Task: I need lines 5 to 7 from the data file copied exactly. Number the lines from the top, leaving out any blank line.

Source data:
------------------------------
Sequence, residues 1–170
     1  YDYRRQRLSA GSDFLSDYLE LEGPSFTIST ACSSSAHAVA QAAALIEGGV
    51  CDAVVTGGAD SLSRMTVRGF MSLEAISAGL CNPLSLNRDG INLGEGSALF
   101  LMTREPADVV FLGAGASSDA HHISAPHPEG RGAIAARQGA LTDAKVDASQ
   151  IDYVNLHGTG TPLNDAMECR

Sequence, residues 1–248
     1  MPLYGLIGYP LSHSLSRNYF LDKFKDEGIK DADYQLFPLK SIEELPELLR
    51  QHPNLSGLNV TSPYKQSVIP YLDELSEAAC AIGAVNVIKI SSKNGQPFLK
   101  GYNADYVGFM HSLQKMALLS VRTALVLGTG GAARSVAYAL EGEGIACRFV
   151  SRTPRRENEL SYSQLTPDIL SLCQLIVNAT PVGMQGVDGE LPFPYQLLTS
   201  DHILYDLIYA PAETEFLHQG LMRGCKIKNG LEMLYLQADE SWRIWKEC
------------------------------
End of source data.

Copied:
   151  IDYVNLHGTG TPLNDAMECR

Sequence, residues 1–248
     1  MPLYGLIGYP LSHSLSRNYF LDKFKDEGIK DADYQLFPLK SIEELPELLR